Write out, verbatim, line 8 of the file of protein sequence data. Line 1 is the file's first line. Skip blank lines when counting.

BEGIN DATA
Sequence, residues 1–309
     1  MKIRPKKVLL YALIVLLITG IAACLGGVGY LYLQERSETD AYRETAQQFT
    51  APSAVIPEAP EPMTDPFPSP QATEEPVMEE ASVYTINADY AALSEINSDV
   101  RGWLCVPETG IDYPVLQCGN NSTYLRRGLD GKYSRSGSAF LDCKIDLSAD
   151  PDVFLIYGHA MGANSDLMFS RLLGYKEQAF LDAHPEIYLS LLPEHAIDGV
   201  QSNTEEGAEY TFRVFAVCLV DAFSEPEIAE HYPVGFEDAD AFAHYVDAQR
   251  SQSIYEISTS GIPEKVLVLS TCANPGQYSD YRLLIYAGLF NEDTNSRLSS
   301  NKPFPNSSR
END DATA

   301  NKPFPNSSR